The number of new building permits issued in New York City this January and February was down about 40 percent compared to the same period last year, according to the city’s Department of Buildings.
Building permits, which augur future construction, are a strong indicator of how robust the real estate market is, and the drop-off indicates even New York’s strong market is feeling the effects of the subprime mortgage bust and the tremors it has sent through Wall Street.
The city issued 451 new-building permits in January and February, compared to 764 during those months last year and 859 during the period in 2006.
The decline isn’t surprising, said Barry LePatner, whose law firm specializes in advising corporate construction and real estate clients. Given the credit crunch, lenders are rightfully worried about making big construction loans to developers who may not be able to come through with repayments if they can’t sell enough apartments or lease enough stores.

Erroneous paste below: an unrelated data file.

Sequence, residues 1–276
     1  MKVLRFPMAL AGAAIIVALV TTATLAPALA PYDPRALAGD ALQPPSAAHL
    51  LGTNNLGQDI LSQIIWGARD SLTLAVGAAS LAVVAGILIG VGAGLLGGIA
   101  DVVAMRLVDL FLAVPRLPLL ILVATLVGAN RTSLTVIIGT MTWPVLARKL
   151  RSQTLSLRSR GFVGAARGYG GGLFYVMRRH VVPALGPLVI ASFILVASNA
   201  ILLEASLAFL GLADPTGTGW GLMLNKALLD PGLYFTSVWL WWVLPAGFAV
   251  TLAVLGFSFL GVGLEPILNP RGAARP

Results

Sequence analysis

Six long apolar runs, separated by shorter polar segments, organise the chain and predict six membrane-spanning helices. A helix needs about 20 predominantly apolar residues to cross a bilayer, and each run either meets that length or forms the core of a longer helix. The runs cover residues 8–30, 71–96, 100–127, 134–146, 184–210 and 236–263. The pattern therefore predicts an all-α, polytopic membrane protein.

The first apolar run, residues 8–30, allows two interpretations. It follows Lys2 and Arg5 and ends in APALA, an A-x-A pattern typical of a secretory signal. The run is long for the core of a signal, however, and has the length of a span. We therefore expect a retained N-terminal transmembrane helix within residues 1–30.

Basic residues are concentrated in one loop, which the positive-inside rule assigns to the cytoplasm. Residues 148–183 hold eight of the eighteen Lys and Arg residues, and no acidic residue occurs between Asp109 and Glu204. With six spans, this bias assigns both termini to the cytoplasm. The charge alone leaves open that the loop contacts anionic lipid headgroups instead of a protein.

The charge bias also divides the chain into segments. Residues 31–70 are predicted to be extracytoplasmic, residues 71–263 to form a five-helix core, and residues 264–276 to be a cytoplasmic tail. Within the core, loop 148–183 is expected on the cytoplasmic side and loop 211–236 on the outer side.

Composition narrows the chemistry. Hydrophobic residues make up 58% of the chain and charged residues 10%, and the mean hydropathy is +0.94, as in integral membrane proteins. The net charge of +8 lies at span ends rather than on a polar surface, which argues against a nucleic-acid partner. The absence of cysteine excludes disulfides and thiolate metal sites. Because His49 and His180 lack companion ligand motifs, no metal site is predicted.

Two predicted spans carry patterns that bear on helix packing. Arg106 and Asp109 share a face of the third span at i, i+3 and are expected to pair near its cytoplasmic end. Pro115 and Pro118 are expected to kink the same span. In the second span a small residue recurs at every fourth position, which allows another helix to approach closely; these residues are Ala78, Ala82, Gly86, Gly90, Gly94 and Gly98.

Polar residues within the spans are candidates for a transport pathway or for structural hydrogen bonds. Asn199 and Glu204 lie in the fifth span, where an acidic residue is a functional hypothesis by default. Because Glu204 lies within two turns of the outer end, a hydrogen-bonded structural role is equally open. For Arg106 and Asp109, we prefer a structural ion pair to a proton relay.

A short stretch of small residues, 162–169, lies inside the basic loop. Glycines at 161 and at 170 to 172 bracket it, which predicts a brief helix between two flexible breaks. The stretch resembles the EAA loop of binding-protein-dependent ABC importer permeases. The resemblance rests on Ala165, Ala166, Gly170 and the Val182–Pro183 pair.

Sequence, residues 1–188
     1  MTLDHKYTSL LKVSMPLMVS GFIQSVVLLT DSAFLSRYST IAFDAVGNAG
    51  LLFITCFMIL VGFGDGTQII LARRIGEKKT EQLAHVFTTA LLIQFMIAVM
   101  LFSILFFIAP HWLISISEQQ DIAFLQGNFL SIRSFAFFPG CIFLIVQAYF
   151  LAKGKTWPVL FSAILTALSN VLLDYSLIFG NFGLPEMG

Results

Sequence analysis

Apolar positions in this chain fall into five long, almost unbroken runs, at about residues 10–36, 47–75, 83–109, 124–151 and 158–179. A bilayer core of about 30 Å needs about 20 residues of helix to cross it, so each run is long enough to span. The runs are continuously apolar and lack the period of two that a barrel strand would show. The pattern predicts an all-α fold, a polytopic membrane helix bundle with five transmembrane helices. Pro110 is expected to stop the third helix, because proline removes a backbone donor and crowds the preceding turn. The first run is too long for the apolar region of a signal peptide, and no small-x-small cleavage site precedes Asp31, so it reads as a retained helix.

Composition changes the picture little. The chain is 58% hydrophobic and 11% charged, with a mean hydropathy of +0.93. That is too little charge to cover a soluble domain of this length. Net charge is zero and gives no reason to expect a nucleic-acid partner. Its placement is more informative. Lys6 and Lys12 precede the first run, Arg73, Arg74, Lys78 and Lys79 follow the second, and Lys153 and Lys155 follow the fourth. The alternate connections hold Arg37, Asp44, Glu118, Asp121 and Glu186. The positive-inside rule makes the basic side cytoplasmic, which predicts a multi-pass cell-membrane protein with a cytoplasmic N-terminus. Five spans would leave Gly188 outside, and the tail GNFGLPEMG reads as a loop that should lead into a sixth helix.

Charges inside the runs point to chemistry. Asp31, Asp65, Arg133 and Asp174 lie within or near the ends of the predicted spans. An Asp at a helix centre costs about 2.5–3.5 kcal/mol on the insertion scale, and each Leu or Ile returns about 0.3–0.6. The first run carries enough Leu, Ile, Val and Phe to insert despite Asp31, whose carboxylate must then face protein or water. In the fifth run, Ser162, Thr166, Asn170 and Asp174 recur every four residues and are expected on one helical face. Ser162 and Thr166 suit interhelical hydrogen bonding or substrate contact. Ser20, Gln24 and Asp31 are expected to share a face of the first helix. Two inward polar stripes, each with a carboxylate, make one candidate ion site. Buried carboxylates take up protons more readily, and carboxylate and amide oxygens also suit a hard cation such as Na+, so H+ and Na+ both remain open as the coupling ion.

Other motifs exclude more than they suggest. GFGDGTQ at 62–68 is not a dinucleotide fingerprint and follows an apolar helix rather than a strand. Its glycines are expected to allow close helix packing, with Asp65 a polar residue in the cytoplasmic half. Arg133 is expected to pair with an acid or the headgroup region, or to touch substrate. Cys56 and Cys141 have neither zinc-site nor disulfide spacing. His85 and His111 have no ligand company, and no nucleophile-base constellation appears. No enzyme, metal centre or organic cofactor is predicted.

Lenders are requiring “significantly larger” outlays of capital, he said, which is putting a damper on the ambitions of all but the more seasoned and steady builders. It’s a sign that the development boom of the past couple of years has become but an echo.
“No one has a right to believe that that was going to continue forever unless you believe in the tooth fairy,” Mr. LePatner said.